FILE - In this Oct. 7, 1963, file photo, President John F. Kennedy signs the Limited Test Ban Treaty during a ratification ceremony in the White House Treaty Room in Washington. Beginning Friday, Aug. 3, 2018, Eldred's auction gallery in East Dennis, Mass., on Cape Cod, is auctioning items associated with the late president, including pens that Kennedy used to sign the treaty. (AP Photo/File)

The Latest: JFK's rocking chair sells for $50K at auction

August 03, 2018 - 3:38 pm

BOSTON (AP) — The Latest on an auction of iconic memorabilia associated with the late President John F. Kennedy (all times local):

3:30 p.m.

A rocking chair that the late President John F. Kennedy used to meet with world leaders in the Oval Office has sold at auction for $50,000.

The chair and other iconic items associated with the nation's 35th president were auctioned off Friday on Cape Cod, not far from the Kennedy compound in Hyannis, Massachusetts.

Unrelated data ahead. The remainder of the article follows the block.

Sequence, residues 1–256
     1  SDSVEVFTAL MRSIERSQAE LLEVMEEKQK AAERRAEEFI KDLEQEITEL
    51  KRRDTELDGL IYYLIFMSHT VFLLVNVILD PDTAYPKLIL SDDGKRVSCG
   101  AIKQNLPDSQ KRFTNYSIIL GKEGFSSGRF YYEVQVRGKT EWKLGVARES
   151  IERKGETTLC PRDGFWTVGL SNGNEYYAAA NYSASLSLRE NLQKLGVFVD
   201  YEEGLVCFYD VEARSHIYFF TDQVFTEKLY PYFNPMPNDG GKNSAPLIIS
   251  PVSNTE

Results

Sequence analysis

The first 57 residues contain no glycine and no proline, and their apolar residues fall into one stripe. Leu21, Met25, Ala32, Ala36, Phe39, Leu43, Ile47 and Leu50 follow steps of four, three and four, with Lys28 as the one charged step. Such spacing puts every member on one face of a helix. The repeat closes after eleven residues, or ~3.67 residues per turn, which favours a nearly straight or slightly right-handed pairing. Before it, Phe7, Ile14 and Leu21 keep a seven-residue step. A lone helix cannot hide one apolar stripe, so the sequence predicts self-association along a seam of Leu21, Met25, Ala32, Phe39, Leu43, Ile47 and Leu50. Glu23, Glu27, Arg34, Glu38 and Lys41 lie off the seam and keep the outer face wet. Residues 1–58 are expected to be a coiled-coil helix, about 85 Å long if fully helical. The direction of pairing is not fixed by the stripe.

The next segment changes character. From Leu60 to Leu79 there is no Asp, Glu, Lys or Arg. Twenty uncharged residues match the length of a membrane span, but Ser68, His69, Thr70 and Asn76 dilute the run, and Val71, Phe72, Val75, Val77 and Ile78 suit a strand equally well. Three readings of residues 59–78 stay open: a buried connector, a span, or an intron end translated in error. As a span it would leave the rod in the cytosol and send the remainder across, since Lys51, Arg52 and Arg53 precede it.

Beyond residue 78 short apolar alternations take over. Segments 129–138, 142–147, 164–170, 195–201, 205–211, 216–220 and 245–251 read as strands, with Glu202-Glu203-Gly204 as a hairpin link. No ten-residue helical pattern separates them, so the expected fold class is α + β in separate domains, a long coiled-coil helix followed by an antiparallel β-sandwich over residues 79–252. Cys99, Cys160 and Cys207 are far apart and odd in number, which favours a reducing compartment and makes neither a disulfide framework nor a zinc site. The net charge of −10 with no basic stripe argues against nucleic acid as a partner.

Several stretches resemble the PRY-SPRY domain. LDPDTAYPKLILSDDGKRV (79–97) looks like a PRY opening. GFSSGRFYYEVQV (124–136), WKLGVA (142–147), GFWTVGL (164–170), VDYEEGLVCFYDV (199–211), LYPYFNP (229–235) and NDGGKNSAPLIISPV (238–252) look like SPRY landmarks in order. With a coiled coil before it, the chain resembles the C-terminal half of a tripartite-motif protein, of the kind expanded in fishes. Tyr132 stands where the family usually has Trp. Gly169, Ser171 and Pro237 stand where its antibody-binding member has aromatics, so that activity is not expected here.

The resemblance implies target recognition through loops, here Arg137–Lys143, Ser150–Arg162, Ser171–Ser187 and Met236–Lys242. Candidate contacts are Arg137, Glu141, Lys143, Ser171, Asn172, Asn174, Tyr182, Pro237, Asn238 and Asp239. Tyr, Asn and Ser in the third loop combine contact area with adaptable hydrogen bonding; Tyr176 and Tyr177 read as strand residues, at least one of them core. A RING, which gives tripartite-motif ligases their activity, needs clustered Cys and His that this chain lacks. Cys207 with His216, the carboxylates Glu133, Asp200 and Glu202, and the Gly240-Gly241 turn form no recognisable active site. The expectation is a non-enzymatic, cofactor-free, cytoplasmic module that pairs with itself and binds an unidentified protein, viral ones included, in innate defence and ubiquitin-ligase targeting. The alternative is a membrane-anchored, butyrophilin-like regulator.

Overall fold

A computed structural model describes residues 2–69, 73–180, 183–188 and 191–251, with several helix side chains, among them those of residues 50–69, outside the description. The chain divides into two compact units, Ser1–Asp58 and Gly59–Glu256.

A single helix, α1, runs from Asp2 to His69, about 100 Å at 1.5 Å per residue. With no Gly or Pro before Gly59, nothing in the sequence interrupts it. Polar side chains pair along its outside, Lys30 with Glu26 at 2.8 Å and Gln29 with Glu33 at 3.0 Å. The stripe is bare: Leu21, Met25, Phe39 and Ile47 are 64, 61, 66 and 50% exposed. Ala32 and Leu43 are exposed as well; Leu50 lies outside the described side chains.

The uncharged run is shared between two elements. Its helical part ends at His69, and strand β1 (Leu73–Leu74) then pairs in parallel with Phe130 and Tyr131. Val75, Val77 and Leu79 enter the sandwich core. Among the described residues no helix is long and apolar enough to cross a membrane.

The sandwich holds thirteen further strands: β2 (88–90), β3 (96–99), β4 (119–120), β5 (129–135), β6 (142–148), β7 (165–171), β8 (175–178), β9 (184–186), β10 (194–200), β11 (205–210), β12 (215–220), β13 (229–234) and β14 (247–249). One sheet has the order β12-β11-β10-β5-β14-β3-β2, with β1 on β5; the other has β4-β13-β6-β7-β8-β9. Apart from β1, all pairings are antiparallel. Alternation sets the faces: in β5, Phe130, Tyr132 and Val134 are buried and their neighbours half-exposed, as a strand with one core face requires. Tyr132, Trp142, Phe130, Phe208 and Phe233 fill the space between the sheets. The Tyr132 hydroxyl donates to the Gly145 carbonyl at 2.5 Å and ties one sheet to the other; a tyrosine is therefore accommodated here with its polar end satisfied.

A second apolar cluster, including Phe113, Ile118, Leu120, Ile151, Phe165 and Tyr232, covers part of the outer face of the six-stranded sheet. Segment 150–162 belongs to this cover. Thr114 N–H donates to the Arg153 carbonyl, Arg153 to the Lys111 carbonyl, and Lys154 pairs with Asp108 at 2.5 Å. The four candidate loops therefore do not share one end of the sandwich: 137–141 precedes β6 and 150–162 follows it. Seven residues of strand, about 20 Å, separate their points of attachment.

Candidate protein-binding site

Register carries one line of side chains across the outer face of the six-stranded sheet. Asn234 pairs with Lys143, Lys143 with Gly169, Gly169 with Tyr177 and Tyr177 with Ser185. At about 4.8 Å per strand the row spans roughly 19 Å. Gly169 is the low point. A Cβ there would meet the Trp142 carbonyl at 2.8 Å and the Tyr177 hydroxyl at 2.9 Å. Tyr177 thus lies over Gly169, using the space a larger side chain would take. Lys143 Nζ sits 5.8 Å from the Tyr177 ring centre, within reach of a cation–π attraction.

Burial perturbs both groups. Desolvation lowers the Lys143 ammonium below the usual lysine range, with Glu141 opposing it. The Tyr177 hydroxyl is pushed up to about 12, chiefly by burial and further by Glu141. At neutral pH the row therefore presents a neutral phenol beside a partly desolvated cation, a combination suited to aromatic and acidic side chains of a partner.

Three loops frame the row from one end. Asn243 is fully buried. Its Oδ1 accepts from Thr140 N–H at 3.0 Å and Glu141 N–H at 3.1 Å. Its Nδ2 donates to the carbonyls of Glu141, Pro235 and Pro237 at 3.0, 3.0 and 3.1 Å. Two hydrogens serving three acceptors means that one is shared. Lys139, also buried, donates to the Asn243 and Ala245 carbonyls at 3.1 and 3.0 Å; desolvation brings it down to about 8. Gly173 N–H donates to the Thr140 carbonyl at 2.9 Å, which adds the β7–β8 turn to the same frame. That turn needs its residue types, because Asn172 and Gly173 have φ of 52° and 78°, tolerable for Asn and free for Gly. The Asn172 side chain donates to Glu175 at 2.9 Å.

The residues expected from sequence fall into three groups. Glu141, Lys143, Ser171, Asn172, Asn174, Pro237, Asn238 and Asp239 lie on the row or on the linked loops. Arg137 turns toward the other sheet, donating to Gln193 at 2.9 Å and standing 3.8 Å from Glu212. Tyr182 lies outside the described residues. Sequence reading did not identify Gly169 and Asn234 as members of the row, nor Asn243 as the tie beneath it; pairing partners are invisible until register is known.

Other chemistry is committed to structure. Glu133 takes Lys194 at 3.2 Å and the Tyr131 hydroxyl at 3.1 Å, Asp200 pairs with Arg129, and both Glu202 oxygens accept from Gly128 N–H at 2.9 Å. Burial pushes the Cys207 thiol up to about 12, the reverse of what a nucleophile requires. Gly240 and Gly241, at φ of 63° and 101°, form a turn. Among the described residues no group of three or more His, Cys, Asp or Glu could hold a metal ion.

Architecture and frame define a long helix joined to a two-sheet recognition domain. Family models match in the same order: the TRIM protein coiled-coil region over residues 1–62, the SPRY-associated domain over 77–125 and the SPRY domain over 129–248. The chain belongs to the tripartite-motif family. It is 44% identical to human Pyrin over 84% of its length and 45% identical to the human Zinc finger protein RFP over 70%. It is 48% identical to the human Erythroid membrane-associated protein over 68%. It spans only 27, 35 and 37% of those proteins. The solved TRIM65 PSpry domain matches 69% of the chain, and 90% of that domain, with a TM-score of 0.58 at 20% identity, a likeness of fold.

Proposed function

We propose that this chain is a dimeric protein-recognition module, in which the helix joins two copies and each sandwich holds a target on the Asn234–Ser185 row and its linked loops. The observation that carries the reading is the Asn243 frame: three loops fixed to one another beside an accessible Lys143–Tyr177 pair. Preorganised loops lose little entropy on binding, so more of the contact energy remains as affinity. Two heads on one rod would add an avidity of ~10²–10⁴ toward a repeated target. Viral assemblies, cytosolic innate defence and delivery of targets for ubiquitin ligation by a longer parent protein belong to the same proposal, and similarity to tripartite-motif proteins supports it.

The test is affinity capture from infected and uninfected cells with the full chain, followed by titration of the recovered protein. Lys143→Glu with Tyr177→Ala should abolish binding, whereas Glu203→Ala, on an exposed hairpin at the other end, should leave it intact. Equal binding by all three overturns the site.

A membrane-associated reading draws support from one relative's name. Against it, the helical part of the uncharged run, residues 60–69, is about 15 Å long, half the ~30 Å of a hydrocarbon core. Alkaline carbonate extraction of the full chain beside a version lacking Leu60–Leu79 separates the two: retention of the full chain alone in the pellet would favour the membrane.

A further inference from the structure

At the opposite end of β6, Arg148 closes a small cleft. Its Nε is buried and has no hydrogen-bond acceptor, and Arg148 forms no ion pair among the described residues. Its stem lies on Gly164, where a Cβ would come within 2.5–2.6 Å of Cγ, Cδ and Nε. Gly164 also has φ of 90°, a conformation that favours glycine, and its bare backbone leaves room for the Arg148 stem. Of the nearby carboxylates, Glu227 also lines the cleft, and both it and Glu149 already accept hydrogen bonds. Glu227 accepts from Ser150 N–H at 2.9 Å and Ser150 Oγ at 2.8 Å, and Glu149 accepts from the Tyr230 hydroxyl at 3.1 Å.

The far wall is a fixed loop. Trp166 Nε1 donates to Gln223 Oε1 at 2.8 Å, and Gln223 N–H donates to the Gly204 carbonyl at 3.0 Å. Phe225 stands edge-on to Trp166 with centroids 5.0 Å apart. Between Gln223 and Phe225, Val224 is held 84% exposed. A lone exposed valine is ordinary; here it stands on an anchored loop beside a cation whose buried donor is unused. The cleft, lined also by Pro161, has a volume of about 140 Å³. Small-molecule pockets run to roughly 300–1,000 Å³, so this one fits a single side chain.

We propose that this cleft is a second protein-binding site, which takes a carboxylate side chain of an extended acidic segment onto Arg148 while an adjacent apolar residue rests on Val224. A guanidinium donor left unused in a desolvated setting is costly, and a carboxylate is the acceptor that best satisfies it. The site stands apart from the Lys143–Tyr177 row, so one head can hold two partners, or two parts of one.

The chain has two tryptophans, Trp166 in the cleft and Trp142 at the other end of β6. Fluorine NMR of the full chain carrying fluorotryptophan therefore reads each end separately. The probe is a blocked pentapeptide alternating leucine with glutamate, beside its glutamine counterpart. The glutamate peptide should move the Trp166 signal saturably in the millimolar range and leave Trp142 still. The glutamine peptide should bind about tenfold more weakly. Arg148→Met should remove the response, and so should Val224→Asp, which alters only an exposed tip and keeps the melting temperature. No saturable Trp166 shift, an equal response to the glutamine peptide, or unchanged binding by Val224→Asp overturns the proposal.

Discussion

Eldred's auction gallery in East Dennis says 15 pens that JFK used to establish the Peace Corps and sign a landmark nuclear arms treaty fetched $60,000.

But a number of other intriguing items didn't sell, including Kennedy's last pencil doodles before his assassination on Nov. 22, 1963. Auction house president Josh Eldred says buyers can still make offers and he's confident the best of the memorabilia eventually will sell.

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12 a.m.

Some of the most iconic items associated with the late President John F. Kennedy are going on the auction block.

Eldred's auction gallery in East Dennis, on Cape Cod, is taking bids on a rocking chair that JFK used in the Oval Office, a tie clip in the shape of the PT-109 torpedo boat Kennedy commanded during World War II, and pens he used to establish the Peace Corps and sign a landmark nuclear arms treaty.

Other items up for grabs include a charcoal drawing of JFK by Aaron Abraham Shikler, done as a study for the slain president's official White House portrait; handwritten notes JFK jotted about Vietnam around 1953; and his letter opener and crystal ashtray.

Auction house vice president Bill Bourne says Friday's auction is a chance for JFK admirers to own some "coveted" bits of history.

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